After receiving the Ten Commandments in Shabu'ot, Moshe Rabbenu stayed in Mount Sinai for forty days. There, God taught him the Oral Torah: the meaning and the ways to perform all the 613 commandments. At the end of the forty days Moshe came down and encountered the people of Israel worshiping the golden calf. At the sight of such terrible offense, Moshe broke the tablets containing the Ten commandments. This happened on the 17th of Tamuz.
A few weeks later, in the beginning of the month of Elul, God told Moshe to ascend once again to Mount Sinai, where he stayed again for forty days. What did Moshe do during those forty days? Since God expressed His intention to erase Am Israel for their deplorable sin, Moshe begged God Almighty to forgive His people, Israel. Moshe argued with God, advocating for the Jewish people, and invoking the merit of their ancestors Abraham, Ytzchaq and Ya'aqob.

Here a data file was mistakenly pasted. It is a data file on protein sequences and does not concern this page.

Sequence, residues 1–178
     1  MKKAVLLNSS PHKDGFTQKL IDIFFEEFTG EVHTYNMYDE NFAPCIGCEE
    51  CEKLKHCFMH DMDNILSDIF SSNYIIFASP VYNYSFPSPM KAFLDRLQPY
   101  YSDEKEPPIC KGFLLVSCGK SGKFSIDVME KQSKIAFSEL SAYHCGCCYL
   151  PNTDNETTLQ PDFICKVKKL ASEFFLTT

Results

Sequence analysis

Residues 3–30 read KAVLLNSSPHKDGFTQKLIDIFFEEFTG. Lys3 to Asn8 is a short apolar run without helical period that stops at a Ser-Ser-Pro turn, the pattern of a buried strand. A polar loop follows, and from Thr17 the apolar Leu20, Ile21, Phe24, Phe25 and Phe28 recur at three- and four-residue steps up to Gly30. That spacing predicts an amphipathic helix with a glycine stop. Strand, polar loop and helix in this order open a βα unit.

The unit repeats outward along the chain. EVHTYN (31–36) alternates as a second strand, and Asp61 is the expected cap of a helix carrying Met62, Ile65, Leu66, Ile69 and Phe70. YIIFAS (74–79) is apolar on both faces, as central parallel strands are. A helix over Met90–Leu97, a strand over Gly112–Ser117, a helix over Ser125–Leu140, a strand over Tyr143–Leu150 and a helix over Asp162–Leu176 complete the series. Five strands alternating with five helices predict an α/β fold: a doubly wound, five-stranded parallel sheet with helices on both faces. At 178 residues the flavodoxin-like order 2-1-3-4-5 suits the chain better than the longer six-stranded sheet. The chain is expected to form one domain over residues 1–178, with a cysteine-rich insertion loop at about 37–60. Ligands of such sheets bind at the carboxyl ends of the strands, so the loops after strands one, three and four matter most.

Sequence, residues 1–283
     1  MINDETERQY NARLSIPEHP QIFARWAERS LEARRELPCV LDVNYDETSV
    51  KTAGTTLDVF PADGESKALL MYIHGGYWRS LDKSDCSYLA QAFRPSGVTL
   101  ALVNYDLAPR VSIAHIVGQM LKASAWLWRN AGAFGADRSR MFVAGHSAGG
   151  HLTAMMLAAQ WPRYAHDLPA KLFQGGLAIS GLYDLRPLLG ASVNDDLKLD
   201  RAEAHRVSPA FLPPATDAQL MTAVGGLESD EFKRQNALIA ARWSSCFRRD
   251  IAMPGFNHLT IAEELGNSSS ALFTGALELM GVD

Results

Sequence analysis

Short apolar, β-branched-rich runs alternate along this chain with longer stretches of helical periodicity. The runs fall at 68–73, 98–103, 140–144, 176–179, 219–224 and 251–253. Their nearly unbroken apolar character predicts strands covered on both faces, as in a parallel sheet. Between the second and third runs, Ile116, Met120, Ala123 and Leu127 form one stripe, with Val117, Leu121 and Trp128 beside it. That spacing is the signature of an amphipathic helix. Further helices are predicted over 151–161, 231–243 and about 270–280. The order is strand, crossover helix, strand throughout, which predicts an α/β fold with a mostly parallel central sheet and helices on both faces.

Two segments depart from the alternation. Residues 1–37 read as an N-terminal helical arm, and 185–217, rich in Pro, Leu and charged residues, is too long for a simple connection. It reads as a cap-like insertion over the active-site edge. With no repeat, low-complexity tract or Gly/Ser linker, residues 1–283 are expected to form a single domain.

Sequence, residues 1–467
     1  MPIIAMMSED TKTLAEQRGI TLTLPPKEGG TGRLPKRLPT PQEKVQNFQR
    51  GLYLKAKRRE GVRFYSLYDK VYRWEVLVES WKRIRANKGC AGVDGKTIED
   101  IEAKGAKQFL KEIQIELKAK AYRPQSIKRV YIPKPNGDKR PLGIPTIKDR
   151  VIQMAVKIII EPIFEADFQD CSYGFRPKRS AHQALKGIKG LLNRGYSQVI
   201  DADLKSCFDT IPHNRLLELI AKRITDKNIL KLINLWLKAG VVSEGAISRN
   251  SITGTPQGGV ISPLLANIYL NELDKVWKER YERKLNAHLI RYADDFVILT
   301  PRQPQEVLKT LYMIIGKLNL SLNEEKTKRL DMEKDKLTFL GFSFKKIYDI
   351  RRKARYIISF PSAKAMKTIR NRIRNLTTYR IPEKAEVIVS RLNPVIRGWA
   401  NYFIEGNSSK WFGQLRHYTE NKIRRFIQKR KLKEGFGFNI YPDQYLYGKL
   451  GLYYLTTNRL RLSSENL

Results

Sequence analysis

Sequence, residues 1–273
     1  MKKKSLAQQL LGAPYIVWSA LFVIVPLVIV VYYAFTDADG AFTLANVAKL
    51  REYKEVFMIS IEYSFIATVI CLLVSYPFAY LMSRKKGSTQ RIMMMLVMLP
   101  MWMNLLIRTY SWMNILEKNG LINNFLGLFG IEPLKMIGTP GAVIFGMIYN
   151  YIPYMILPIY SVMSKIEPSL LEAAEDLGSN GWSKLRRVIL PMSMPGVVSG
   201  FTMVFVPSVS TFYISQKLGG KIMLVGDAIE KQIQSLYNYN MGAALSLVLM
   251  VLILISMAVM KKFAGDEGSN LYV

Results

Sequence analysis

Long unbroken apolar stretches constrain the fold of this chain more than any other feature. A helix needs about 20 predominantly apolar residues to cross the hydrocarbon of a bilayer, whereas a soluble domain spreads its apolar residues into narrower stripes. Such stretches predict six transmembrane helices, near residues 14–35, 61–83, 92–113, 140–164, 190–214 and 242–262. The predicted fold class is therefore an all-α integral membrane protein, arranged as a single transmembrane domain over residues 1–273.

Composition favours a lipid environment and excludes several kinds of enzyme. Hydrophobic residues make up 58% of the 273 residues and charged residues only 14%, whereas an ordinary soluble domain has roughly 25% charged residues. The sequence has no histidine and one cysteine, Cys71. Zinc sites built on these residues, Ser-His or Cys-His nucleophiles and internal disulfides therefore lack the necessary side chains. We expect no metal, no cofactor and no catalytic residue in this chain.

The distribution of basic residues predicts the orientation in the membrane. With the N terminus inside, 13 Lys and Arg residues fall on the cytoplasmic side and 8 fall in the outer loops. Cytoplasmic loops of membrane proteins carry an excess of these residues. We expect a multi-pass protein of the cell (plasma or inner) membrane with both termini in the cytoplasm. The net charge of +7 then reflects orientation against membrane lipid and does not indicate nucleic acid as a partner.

At the end of the forty days, and at the insistence of Moshe Rabbenu, God finally absolved the people of Israel. That day, the 10th of Tishri, is Yom Kippur, the day of forgiveness.
In remembrance of those forty days during which Moshe Rabbenu begged God to absolve Israel, we dedicate forty days to ask God for our own forgiveness. During forty days we immerse ourselves in a deep process of introspection, admission, repentance and change called: Teshuba.
This period of spiritual preparation begins tomorrow and ends on Yom Kippur.
Tomorrow morning B'H, Sephardic communities start reciting the Selichot, the prayers that inspire us to reflect on our lives and embark on the process of Teshuba.
Click here to get in the mood of Selichot